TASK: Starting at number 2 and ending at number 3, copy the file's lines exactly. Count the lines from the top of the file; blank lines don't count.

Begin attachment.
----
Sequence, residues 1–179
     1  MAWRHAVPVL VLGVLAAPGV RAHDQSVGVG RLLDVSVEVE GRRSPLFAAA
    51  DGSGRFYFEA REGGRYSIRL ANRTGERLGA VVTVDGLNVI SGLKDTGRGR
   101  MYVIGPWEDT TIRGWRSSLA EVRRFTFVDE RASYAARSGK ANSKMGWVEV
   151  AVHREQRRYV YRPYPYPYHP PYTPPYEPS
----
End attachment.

     1  MAWRHAVPVL VLGVLAAPGV RAHDQSVGVG RLLDVSVEVE GRRSPLFAAA
    51  DGSGRFYFEA REGGRYSIRL ANRTGERLGA VVTVDGLNVI SGLKDTGRGR